Two intense desires

Two intense desires rule and govern mankind and control all man’s thoughts, his joys and sorrows. They are man’s two appetites, hunger for food and craving for love.

Curiously enough, while man takes great pains in the education of the young to prepare them for the gratification of hunger, the much tabooed question of sex has been excluded, in our present civilization, from every discussion. Yet love lies at the foundation of society, it permeates unconsciously the thoughts, aspirations and hopes of mankind.

Love is glorified as the source of the most admirable productions of art, of the sublime creations of poetry and music; it is accepted as the mightiest factor in human civilization, as the basis of the family and state. The egoism of passion and the power of love are absorbing all other considerations. Virgil calls love the greatest conqueror:

“Omnia vincit amor, nos et cedamus amori.”

Solomon sings, “Love is strong as death.”

In its right appreciation, love has been exalted by the ancients in song and story and extolled by priest and philosopher. “To the Spirit, to Heaven, to the Sun, to the Moon, to Earth, to Night, to the Day, and to the Father of all that is and will be, to Eros.” Such an invocation was possible only among the ancient civilized nations. They recognized the importance of sexuality in life. They could not see any moral turpitude in actions, regarded by them as the design of nature and as the acme of felicity.

They discovered in Love the focus of life. For this reason sexuality among the ancients was an object of pure reverence as the fundamental force of life. The divine adoration of sex was the practice of every tribe and nation of prehistoric antiquity.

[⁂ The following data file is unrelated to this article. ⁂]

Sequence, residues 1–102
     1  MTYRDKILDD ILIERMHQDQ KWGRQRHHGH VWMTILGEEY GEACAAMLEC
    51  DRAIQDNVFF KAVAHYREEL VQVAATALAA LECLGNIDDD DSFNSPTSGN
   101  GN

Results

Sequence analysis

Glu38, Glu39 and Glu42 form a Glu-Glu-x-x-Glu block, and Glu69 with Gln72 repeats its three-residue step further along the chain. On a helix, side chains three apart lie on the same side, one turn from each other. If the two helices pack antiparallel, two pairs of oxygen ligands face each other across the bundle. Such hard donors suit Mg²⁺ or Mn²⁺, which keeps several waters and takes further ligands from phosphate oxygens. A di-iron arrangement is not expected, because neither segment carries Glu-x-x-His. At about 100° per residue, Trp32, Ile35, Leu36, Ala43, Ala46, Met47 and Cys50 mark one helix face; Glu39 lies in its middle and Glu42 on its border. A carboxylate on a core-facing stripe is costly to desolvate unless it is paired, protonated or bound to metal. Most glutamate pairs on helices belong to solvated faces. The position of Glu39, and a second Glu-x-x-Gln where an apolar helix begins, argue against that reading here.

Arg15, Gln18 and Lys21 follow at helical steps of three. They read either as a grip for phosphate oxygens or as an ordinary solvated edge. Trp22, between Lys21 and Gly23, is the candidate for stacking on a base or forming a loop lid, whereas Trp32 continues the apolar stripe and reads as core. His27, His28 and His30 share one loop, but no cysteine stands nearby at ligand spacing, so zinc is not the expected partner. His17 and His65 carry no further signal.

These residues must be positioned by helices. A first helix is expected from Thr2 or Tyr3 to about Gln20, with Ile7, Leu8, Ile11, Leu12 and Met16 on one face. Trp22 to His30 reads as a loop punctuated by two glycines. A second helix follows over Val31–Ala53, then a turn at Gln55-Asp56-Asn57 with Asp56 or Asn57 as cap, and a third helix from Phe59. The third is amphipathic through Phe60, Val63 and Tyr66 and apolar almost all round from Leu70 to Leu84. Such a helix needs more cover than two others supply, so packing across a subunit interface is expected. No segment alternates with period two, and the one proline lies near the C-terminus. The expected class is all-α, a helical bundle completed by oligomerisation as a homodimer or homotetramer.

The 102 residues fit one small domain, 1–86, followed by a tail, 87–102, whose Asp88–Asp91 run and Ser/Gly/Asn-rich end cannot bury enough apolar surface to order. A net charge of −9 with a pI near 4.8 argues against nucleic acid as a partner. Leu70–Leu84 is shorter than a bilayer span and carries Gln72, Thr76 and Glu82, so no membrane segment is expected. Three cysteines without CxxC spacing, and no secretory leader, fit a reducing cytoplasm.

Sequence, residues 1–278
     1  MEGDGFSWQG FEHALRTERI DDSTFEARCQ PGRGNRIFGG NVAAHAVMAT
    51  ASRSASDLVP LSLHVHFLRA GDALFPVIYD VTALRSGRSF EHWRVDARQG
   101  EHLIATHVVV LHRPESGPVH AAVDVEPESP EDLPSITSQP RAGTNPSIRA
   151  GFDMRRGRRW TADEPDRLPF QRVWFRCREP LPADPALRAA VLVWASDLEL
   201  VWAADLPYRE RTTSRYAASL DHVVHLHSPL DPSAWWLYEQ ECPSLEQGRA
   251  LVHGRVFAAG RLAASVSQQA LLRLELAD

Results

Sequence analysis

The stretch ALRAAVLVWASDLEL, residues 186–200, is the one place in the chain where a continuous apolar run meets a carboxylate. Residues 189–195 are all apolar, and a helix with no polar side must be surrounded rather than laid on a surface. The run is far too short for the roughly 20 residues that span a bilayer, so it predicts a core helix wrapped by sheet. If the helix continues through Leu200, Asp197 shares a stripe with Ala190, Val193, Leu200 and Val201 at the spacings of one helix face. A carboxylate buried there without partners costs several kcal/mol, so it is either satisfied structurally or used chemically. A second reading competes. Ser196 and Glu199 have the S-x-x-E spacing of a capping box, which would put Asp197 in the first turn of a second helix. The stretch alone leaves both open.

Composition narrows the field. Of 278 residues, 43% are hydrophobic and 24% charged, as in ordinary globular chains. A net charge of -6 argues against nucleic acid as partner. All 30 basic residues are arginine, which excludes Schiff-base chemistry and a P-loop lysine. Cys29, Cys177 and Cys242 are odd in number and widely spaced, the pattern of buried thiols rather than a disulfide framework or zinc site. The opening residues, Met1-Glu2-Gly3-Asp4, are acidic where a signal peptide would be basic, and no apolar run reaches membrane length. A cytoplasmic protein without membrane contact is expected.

Even the organs of sex were considered beautiful and pleasurable objects, and were admired accordingly.

The phallus, or the male sex-organ, and the yoni, the external female genitals, were symbols of the worship of the ancients and were objects of special religious rites.

In the remotest antiquity the worship of the generative principle was the only religion known to men.

Sex-worship was not confined to any one race.

It was the form of worship common to all primeval nations of the globe. The Hindus, Chaldeans, Hebrews, Egyptians, Greeks, Romans, Gauls, Celts, Teutons, Britons and Scandinavians, all shared in phallicism and yonism.

The study of sexual activities and of generation was the basis of ancient Hindu theology. Siva had on his left arm a ring on which was portrayed the sex organs in the act of procreation.

The Greek bacchanalia, and the Roman saturnalian mysteries, the free love that prevailed during the festivities in honor of Mylitta, Anaitis, and Aphrodita were still relics of sex-worship. Herodotos’ statement that in Babylon women offered themselves, once at least in their lives, in the Temple of Venus,

and that only after so doing were they considered free to marry, and his further report that the women on the vessels sailing for Bubastis to the festivals of Iris uncovered themselves in the presence of the men, show that sex-worship was not unknown among Assyrians and Egyptians.

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